Croatian President Ivo Josipovic on Sunday laid a wreath and lit a candle at a monument commemorating people killed in the aftermath of World War II in May 1945 at the Dobrova cemetery in Tezno, a suburb of the Slovenian city of Maribor, expressing hope that his act would put an end to one circle of disputes about Croatia's antifascist past.
In a brief statement to reporters after the wreath-laying ceremony, Josipovic said that he was glad to have been joined in paying tribute to the victims at Tezno by representatives of the Croatian Association of Antifascist Fighters and Antifascists (SABA), who he said had demonstrated the strength of the victors to face the dark side of their victory.
"I thank all who came here because this puts an end to one circle of disputes regarding Croatia's antifascist past, which undoubtedly had a side to it that it should not have had," said Josipovic.
The mass grave at Tezno near the Slovenian city of Maribor is one of the biggest registered post-WWII mass graves in Slovenia, containing the remains of people killed by Yugoslav communist authorities in 1945. It is probably the biggest mass grave of Croats killed on their way back from Bleiburg, Austria. The grave is an anti-tank trench several kilometres long, which contains the remains of at least 18,000 people, mostly soldiers of the Nazi-styled Independent State of Croatia (NDH), who in late May 1945 were brought from a camp in Maribor to what today is the Dobrova cemetery and executed there.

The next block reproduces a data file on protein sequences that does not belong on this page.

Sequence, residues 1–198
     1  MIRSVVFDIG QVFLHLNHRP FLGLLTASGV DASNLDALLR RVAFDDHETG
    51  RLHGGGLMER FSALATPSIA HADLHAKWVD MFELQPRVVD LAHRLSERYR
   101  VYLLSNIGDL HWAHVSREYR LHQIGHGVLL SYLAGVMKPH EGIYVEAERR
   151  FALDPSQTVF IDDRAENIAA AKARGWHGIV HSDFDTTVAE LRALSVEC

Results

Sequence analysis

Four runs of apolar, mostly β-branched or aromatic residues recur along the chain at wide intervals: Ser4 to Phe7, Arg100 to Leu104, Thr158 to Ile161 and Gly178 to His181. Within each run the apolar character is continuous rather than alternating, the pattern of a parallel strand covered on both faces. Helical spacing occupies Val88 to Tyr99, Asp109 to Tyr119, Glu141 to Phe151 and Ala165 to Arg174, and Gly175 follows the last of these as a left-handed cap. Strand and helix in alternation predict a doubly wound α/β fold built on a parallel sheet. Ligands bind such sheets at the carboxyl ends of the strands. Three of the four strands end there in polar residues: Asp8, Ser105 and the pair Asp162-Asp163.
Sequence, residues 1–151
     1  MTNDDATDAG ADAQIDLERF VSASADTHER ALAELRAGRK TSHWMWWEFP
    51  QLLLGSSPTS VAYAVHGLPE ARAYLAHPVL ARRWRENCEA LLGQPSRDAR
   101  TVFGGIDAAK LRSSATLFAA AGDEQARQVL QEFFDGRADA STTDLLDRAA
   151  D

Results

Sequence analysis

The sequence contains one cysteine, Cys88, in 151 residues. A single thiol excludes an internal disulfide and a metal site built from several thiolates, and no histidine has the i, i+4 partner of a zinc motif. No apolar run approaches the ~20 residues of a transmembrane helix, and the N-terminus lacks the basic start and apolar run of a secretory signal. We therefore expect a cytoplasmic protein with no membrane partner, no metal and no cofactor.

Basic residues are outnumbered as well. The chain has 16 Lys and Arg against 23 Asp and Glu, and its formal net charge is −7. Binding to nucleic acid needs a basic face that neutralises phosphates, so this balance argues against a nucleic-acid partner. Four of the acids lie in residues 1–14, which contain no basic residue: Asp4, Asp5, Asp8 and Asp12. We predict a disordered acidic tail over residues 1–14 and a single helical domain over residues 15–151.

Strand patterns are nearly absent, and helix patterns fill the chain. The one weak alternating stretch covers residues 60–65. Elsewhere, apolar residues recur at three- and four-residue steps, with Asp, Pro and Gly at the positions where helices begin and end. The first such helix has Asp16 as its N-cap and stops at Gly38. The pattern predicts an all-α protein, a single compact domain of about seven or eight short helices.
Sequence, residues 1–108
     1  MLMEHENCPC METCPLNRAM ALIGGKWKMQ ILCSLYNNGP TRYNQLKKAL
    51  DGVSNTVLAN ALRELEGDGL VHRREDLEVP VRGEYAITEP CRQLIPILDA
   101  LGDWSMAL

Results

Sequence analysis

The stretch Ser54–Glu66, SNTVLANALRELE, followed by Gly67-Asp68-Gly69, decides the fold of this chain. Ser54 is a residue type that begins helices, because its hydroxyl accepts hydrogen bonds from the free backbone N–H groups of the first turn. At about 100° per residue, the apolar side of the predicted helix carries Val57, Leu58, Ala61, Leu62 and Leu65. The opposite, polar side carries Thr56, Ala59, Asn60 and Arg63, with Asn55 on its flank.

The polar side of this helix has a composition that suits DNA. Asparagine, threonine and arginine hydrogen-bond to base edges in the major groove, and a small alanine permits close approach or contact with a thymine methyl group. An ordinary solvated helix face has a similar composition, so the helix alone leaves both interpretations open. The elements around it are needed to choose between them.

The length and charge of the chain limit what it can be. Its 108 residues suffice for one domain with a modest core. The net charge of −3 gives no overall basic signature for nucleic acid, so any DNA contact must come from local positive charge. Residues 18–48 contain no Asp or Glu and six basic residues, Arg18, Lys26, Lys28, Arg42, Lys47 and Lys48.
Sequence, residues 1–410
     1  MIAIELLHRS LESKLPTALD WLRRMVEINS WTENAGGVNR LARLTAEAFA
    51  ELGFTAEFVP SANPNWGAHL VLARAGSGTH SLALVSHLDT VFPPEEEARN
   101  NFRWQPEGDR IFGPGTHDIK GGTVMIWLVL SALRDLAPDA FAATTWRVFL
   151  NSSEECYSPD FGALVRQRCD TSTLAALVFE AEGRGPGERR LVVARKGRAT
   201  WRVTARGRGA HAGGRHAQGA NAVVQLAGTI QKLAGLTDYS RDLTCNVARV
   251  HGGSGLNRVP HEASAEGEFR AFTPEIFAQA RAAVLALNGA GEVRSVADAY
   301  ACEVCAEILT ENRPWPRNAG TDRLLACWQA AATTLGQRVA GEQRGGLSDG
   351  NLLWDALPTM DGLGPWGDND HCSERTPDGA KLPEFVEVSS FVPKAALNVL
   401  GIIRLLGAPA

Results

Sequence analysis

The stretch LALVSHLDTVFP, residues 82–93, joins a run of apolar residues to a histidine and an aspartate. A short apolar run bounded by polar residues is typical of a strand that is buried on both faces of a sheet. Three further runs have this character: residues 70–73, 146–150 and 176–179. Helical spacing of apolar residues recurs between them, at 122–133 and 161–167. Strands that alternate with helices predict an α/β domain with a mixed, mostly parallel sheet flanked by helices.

The delegation accompanying President Josipovic during the visit to Tezno included Administration Minister Davorin Mlakar, MP Nenad Stazic, SABA representatives, members of the Serb National Council Milorad Pupovac, Cedomir Visnjic and Sasa Milosevic, a representative of Roma associations, Nora Ismailovski, representatives of the Homeland War Veterans Council, and the head of the expatriate Croat Roman Catholic communities, Ante Kutlesa, who represented the Catholic Church.
After visiting Tezno, President Josipovic and a part of his delegation went on to Bleiburg in Austria, to lay a wreath at a memorial erected there.
Most representatives of SABA, as well as representatives of the Serb National Council, headed by Milorad Pupovac, would not travel to Bleiburg, telling the press they had nothing to do there.
Vesna Konstantinovic Culinovic of SABA told reporters that President Josipovic would visit Bleiburg because he had never been there before, but that SABA representatives believed that they had nothing to do there.
"There are no victims there, especially not innocent ones," Konstantinovic Culinovic said.
Explaining why he would not visit Bleiburg, Pupovac told reporters that "Bleiburg is not a place of suffering, but a place of revival of an ideology and political values that I cannot accept and that must be left behind if we want to turn to the future."